Kirkland Museum of Fine & Decorative Art

1201 Bannock Street

KIRKLAND MUSEUM OF FINE & DECORATIVE ART: UNIQUE MUSEUM OF A UNIQUE COLORADO-BASED ARTIST 

Do you think that a building has to remain in its original location to be effective? 

Kirkland Museum of Fine & Decorative Art features a brand new building, designed in 2018 by Jim Olson, FAIA, of Seattle-based Olson Kundig, a historic studio and a celebrated international decorative art collection, including fabulous examples of furniture by over 100 architects, such as Frank Lloyd Wright, Charles Rennie Mackintosh and Gio Ponti. The museum is located in the heart of the Golden Triangle neighborhood. Located steps from the gold-domed State Capitol, it is home to the Denver Art Museum, Clyfford Still Museum, History Colorado Center, Byers-Evans House Museum, the ART, a hotel, Denver’s Central Public Library and numerous galleries.  

Old & New 
Kirkland Museum is partially housed in a 1910–1911 Arts & Crafts structure built by Maurice Biscoe and Henry Hewitt, first used for Henry Read’s Students’ School of Art. Colorado painter Vance Kirkland rented the building from Read in 1932, later acquired it, and left it as part of his estate to Hugh Grant (now Founding Director & Curator of Kirkland Museum) when Kirkland died in 1981 (Kirkland Museum Fact Sheet).

In 2016, the entire three-room brick structure was meticulously moved from its original location at 13th & Pearl to Kirkland Museum’s new home at 1201 Bannock Street, placed on the north side of the new building in the same orientation as it originally sat on Pearl Street. Kirkland Museum is a member of Historic Artists’ Homes and Studios, a program of the National Trust for Historic Preservation. The new building is clad in golden terra cotta and glass bars (About Us). 

Architect
Olson Kundig is a Seattle-based design practice founded on the ideas that buildings can serve as a bridge between nature, culture and people, and that inspiring surroundings have a positive effect on people’s lives. Led by five owners, the firm’s work can be found across the globe, with projects as wide-ranging as huts to high rises, homes—often for art collectors—to academic, cultural and civic projects, museums and exhibition design, places of worship, creative production, urban design and interior design (Olson Kundig). 

The Collection
Kirkland Museum has three principal collections: an internationally important collection of decorative art from about 1875 to about 1990, with examples of every major design period from Arts & Crafts to Postmodern; a retrospective of Colorado painter Vance Kirkland (1904–1981); and the work of other Colorado and regional artists, all shown together in salon style. Kirkland Museum’s evolving collections contain over 30,000 works by more than 1,500 artists and designers (Kirkland Museum Fact Sheet).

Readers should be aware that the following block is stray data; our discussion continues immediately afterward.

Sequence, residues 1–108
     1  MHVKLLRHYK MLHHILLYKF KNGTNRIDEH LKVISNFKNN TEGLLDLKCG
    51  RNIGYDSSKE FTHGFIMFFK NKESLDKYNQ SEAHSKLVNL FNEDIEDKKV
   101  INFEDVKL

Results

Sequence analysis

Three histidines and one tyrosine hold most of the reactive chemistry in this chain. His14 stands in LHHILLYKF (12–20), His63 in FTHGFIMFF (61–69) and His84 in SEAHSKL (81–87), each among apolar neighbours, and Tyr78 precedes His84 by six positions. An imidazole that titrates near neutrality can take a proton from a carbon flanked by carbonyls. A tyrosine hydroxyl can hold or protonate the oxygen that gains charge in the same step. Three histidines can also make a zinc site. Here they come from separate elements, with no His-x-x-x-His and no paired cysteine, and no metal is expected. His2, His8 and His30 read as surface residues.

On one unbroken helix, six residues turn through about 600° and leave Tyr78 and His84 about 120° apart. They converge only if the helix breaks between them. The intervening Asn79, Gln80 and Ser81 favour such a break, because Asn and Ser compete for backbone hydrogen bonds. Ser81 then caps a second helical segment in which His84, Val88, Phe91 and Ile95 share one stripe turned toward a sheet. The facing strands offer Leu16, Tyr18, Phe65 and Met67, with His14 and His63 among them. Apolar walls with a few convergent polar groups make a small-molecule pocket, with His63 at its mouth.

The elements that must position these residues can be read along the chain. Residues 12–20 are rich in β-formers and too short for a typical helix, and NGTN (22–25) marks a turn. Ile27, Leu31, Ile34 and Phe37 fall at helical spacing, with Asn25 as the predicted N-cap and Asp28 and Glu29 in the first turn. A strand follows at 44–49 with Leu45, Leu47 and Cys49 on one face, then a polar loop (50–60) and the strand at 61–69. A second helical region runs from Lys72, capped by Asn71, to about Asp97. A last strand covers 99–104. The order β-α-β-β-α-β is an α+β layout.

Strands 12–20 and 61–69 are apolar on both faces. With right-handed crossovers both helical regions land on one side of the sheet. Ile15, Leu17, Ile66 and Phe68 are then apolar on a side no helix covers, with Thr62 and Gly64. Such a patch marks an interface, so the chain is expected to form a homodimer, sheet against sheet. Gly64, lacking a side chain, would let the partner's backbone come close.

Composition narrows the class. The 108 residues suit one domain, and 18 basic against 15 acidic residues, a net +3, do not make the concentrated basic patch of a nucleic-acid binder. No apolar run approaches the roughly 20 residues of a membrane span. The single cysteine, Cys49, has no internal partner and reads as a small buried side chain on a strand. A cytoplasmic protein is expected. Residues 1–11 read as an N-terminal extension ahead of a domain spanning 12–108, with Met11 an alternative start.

Vance Kirkland
Vance Kirkland (1904–1981) was among the most important Colorado and regional painters of the 20th century. He was born November 3rd in Convoy, Ohio, a small country town west of Cleveland, near the Indiana border. Kirkland studied at the Cleveland School of Art, receiving a Diploma Degree of Painting (1927) and a Bachelor of Education in Art (BEA, 1928), continuing a second year of studies in art history and art education at the Cleveland School of Education and Western Reserve University (1926–1928). Kirkland married Anne Fox Oliphant in 1941 and enjoyed traveling and entertaining with her. 

In addition to his 55-year career as an innovative and successful painter, he was a remarkable educator and collector. Kirkland came to Denver in January 1929 as the Founding Director of the current School of Art at the University of Denver (DU) at Chappell House. Aside from his influence as a professor, Kirkland was active in the local art community and worked to establish the Modern Art movement in Denver, where he lived for the rest of his life. He left DU in 1932 to establish the Kirkland School of Art (1932–1946) at 1311 Pearl Street. The Kirkland School of Art was highly successful, and in 1946 DU enticed Kirkland to return as director of its school of art until his retirement in 1969. He continued to paint in his Pearl Street studio until his death in 1981 (About Vance Kirkland). 

References 

Kirkland Museum Fact Sheet. 

Kirkland Museum of Fine & Decorative Art. About Us. Retrieved from http://www.kirklandmuseum.org/about-us/our-story/.

Olson Kundig. https://www.olsonkundig.com/. 

 Kirkland Museum of Fine & Decorative Art. About Vance Kirkland. Retrieved from http://www.kirklandmuseum.org/collections/vance-kirkland/about-vance-kirkland/biography/. 

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